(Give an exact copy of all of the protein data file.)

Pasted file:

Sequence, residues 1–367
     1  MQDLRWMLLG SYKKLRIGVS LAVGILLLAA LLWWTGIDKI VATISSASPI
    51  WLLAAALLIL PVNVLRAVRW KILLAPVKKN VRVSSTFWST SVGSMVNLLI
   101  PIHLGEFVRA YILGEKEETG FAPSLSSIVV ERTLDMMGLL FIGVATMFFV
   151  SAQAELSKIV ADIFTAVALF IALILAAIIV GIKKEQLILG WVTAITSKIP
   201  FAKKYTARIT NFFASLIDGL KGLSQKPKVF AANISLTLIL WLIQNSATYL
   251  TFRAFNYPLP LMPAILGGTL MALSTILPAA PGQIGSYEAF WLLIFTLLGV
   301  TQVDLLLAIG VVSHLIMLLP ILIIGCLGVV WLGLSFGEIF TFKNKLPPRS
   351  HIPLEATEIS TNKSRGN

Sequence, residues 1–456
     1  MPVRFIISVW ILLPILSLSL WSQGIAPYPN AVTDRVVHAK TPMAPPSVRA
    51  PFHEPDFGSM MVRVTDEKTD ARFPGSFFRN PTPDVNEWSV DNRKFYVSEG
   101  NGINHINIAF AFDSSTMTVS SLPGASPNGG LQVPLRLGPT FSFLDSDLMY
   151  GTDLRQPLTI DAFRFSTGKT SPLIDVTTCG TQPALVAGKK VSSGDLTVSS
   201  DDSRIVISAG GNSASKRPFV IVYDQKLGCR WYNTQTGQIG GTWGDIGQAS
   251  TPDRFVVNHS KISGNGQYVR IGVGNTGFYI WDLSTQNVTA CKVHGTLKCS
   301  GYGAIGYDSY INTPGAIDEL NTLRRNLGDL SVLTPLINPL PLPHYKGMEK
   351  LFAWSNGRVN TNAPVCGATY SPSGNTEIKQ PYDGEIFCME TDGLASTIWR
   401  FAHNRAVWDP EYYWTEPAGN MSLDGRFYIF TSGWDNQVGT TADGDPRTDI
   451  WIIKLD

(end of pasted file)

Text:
Sequence, residues 1–367
     1  MQDLRWMLLG SYKKLRIGVS LAVGILLLAA LLWWTGIDKI VATISSASPI
    51  WLLAAALLIL PVNVLRAVRW KILLAPVKKN VRVSSTFWST SVGSMVNLLI
   101  PIHLGEFVRA YILGEKEETG FAPSLSSIVV ERTLDMMGLL FIGVATMFFV
   151  SAQAELSKIV ADIFTAVALF IALILAAIIV GIKKEQLILG WVTAITSKIP
   201  FAKKYTARIT NFFASLIDGL KGLSQKPKVF AANISLTLIL WLIQNSATYL
   251  TFRAFNYPLP LMPAILGGTL MALSTILPAA PGQIGSYEAF WLLIFTLLGV
   301  TQVDLLLAIG VVSHLIMLLP ILIIGCLGVV WLGLSFGEIF TFKNKLPPRS
   351  HIPLEATEIS TNKSRGN

Sequence, residues 1–456
     1  MPVRFIISVW ILLPILSLSL WSQGIAPYPN AVTDRVVHAK TPMAPPSVRA
    51  PFHEPDFGSM MVRVTDEKTD ARFPGSFFRN PTPDVNEWSV DNRKFYVSEG
   101  NGINHINIAF AFDSSTMTVS SLPGASPNGG LQVPLRLGPT FSFLDSDLMY
   151  GTDLRQPLTI DAFRFSTGKT SPLIDVTTCG TQPALVAGKK VSSGDLTVSS
   201  DDSRIVISAG GNSASKRPFV IVYDQKLGCR WYNTQTGQIG GTWGDIGQAS
   251  TPDRFVVNHS KISGNGQYVR IGVGNTGFYI WDLSTQNVTA CKVHGTLKCS
   301  GYGAIGYDSY INTPGAIDEL NTLRRNLGDL SVLTPLINPL PLPHYKGMEK
   351  LFAWSNGRVN TNAPVCGATY SPSGNTEIKQ PYDGEIFCME TDGLASTIWR
   401  FAHNRAVWDP EYYWTEPAGN MSLDGRFYIF TSGWDNQVGT TADGDPRTDI
   451  WIIKLD